Sky Chadde is the Midwest Center’s Gannett Agricultural Data Fellow. He can be reached at email@example.com
This post is embargoed for republication until April 13, 2020.
Fear over Covid-19 has led some meatpacking workers to stay home as the coronavirus continues to spread.
On Tuesday, about 800 people didn't show up for work at a JBS meatpacking plant in Colorado, according to a local state TV station, 9News. The local union said there were six cases of Covid-19, but JBS wouldn't confirm that to the TV station.
Last week, about 50 workers walked off the job at a Perdue Farms plant in Georgia over coronavirus concerns, according to 13WMAZ, another local TV station.
"We're not getting nothing -- no type of compensation, no nothing, not even no cleanliness, no extra pay -- no nothing. We're up here risking our life for chicken," an employee told the TV station.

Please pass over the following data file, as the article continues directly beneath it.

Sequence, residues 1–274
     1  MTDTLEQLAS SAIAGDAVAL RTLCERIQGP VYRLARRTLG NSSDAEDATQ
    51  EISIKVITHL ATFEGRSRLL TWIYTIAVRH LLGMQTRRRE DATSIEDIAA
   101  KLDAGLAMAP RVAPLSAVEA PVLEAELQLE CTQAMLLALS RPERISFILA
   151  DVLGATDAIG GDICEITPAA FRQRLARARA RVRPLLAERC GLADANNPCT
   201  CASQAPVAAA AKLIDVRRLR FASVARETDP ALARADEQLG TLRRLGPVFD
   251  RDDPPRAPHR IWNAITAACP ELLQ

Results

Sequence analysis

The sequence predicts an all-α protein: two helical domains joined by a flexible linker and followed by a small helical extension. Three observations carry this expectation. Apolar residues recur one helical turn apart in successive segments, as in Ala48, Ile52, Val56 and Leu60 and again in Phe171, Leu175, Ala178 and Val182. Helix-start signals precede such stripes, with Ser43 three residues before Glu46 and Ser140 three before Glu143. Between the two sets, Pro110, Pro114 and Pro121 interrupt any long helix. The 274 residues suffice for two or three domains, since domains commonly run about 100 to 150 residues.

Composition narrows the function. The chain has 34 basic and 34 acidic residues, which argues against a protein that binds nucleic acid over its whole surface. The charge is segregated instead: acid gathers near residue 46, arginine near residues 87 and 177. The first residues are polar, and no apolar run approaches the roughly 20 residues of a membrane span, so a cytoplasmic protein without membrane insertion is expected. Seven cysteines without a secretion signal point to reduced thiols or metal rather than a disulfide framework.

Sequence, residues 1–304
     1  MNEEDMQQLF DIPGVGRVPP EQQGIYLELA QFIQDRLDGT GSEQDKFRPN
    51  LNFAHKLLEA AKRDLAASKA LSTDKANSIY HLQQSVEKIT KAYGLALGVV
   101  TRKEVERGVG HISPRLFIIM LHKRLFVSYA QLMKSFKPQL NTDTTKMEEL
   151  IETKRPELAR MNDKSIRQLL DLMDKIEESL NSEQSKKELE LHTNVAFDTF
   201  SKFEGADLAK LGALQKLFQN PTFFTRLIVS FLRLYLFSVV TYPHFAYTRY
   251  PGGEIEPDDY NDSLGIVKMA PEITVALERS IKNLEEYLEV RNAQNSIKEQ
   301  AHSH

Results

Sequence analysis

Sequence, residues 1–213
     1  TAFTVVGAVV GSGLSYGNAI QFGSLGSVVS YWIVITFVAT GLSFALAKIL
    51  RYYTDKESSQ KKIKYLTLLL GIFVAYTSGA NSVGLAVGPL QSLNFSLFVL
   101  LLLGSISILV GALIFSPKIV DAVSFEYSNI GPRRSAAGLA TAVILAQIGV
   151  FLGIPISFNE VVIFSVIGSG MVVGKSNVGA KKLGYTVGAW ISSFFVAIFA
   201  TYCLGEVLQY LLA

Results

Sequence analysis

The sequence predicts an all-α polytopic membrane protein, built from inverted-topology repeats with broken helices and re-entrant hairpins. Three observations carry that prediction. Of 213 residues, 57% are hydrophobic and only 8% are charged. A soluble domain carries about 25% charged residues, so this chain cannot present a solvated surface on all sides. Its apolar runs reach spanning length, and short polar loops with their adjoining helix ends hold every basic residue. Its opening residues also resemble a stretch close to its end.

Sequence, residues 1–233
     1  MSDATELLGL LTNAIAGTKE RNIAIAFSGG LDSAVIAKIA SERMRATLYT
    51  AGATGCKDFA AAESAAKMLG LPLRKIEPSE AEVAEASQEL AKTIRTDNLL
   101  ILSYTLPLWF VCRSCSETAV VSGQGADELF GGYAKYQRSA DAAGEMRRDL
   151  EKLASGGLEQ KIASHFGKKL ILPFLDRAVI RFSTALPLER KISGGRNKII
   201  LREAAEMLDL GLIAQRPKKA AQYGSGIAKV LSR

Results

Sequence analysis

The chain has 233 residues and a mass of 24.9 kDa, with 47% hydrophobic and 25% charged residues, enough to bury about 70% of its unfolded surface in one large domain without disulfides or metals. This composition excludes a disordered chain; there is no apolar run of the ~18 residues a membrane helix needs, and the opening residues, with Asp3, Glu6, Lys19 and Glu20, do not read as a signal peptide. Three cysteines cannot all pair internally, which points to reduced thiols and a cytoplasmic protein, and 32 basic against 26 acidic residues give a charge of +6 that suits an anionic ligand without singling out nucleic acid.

In early March, a worker in South Dakota was quarantined, according to the Kelo Media Group. On March 23, Sanderson Farms said a worker had the virus, the first confirmed case in a meatpacking plant, according to Reuters.
But other workers, some of whom are undocumented, told ProPublica that they continue going to work because they're worried they'll be fired if they call in sick.
“We are all afraid,” one told ProPublica. “The problem is if people feel sick, they’re not going to say anything because they need the money."
Meatpacking already had workplace dangers.
The speed at which carcasses come at workers forces them to perform the same, repetitive motion many times over, leading to life-long injuries, according to NPR. The speed also means that people, who often work shoulder to shoulder, rarely have time for a bathroom break, according to a report from OxFam America.
Last week, the United Food and Commercial Workers International Union announced increased pay and benefits for its members at meatpacking plants, but nonunion workers have no such guarantees.